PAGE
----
Riparian Buffers

This summer I’ll be storm chasing!  That’s because my entire research project depends on rain, and lots of it.  I’m studying riparian buffers, riparian for river, and buffer meaning a wooded area around an agricultural field that filters out sediment and nutrients from getting into the Bay.

In Virginia and many states in the Chesapeake Bay watershed farmers are required to have a 100 ft forested buffer separating agricultural fields from perennial streams.  The buffer is meant to reduce sediment and nutrient input to rivers and, eventually, the Chesapeake Bay itself.  In recent years organizations like the Chesapeake Bay Foundation have noted that models regarding the effectiveness of Riparian Buffers do not agree with declining overall health of the Bay.

One phenomenon in the buffers that I’ll be examining are buffer bypassing channels.  Buffer Bypassing Channels are streams that go through the buffer, but do not flow all the time, just during storm events.  Our site is an agricultural field in Charles City County, VA that rotates between corn, wheat, and soybeans.  We have a gauging station set up there on the bypassing channel to record flow depth and take water samples automatically.  This is where the storm chasing comes in.  It’s good to be out there to reload the sampler and to make sure everything is running well because we want every storm’s data.  Last summer we were only able to get two storms that activated the channel, so we have to be careful to make sure we capture all the possible events.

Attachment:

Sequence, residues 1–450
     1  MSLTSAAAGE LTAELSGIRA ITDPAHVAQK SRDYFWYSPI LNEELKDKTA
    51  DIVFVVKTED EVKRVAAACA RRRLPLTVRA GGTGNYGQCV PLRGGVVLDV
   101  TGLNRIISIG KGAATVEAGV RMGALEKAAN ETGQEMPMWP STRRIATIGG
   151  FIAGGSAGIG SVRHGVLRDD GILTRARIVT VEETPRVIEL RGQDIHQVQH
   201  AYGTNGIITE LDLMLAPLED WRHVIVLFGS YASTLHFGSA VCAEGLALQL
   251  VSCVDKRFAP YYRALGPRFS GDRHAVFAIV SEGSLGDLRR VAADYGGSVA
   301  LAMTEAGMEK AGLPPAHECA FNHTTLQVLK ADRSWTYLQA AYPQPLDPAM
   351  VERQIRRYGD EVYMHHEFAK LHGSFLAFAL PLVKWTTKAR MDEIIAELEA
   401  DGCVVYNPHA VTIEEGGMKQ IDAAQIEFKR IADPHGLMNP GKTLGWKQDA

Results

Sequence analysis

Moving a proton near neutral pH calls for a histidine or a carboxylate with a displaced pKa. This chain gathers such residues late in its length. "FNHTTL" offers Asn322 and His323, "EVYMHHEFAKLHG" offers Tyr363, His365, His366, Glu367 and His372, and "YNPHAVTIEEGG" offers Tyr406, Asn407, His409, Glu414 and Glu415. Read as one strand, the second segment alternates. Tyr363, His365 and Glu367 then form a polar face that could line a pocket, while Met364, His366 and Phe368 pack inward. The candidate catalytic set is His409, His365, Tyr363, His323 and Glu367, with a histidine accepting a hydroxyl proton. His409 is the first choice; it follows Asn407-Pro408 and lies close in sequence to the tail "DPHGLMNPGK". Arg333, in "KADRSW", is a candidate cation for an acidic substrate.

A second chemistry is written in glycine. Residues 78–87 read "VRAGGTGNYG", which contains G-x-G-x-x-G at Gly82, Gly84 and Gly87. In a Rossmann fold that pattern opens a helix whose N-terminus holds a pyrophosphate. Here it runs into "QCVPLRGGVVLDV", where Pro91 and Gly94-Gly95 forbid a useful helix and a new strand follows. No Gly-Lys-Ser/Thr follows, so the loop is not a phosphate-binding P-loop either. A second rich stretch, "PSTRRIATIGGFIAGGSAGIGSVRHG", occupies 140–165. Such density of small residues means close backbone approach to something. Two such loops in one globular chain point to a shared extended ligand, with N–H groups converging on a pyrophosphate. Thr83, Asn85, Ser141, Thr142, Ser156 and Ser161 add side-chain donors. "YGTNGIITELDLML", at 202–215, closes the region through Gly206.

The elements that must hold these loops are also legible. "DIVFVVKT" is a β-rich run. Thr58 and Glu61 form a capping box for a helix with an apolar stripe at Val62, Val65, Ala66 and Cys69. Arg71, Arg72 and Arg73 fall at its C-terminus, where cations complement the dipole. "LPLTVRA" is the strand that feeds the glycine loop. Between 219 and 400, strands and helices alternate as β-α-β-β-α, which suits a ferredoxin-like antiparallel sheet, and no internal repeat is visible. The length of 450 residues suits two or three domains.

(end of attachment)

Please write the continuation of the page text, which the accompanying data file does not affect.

We actually got our first storm event that caused the channel to flow on April 16th so lab work to analyze those samples is already rolling.

Anywho, thanks for reading and I’ll keep ya updated as the project progresses.

Dylan

Comments

  1. Hi I have a quick question. Is a wetland a riparian zone? How are riparian forests, wetlands, marshes, swamps and bogs classified?

  2. Sarah McKinstry says:

    This looks really interesting! I’d be interested to see how the results compare to a farm with livestock.

  3. I agree that a farm with livestock would be an interesting comparison. If the fertilizer is manure based, the results might not be too different. Then again different types of ground cover may play a role in the nutrient content of runoff.